No artist comes slip'n sliding out of the womb ready to create masterpieces. Creating anything is hit and miss -- for every amazing work, that same artist likely has ten pieces of crap that they'd happily see blasted into the Sun. For example ...
William Peter Blatty is best known as the writer of The Exorcist -- both the novel and the movie it was adapted into. The Exorcist is still considered one of the scariest films of all time. It's a pop culture legend that modern horror, with its porn-grade found footage and cheap jump scares, can only aspire to.
The face that launched a million shit-filled underoos.
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Blatty, despite a critical reception in horror that Stephen King can only envy, was never a horror writer. His specialty was in fact comedy. His career trajectory is like if Louis C.K. wrote A Nightmare On Elm Street. Before The Exorcist, Blatty wrote several screenplays for comedy director Blake Edwards. Utilizing Blatty's comedic prowess, Edwards was eventually given the reins to The Pink Panther, a legendary film that helped define the career of Peter Sellers.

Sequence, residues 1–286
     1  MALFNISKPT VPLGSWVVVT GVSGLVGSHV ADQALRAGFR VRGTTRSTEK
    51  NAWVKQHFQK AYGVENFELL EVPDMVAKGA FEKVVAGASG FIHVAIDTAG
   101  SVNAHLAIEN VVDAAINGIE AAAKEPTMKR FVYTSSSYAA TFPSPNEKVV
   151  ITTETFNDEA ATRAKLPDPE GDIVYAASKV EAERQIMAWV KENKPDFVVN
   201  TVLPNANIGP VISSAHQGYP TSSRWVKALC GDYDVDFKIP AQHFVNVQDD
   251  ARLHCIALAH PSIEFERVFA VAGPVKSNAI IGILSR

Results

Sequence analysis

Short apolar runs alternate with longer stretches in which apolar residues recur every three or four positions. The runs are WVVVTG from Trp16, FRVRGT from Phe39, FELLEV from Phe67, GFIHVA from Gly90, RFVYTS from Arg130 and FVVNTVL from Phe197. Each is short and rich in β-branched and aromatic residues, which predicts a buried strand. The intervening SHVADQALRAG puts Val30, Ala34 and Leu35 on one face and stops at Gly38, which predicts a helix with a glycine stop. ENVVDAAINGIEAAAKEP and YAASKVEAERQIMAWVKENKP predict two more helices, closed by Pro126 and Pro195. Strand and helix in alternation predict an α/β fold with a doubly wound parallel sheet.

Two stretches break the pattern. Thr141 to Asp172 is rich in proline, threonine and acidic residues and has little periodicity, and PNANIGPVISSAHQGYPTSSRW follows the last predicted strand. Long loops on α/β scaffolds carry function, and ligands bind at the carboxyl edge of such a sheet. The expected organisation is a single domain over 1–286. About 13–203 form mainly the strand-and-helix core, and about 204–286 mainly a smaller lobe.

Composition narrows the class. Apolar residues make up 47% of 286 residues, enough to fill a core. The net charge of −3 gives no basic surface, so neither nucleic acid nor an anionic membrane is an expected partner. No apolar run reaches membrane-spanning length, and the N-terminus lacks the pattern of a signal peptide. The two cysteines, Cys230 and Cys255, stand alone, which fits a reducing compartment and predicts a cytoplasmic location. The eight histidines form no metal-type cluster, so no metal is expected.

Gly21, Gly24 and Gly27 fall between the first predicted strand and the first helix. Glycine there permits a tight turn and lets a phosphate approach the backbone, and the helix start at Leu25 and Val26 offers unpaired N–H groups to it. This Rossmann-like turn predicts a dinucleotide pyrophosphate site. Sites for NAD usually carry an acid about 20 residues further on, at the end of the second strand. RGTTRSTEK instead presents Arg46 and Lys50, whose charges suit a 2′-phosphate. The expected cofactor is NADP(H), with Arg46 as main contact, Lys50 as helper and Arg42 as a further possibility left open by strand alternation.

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Though not always in ways his family brags about at parties.
Blatty wasn't involved in the original Pink Panther, but the movie was such a success that Sellers demanded that Blake Edwards be involved in his next film, A Shot In The Dark, and Edwards brought his comedy mentor Blatty along with him. Originally, this was not a Pink Panther movie, but Blatty decided that they should make the script into a sequel to The Pink Panther, and wrote it up as such.
And he's damn proud of his work. To this day, Blatty prefers to be remembered as the writer of The Pink Panther 2 than for what's arguably the best horror movie of all time.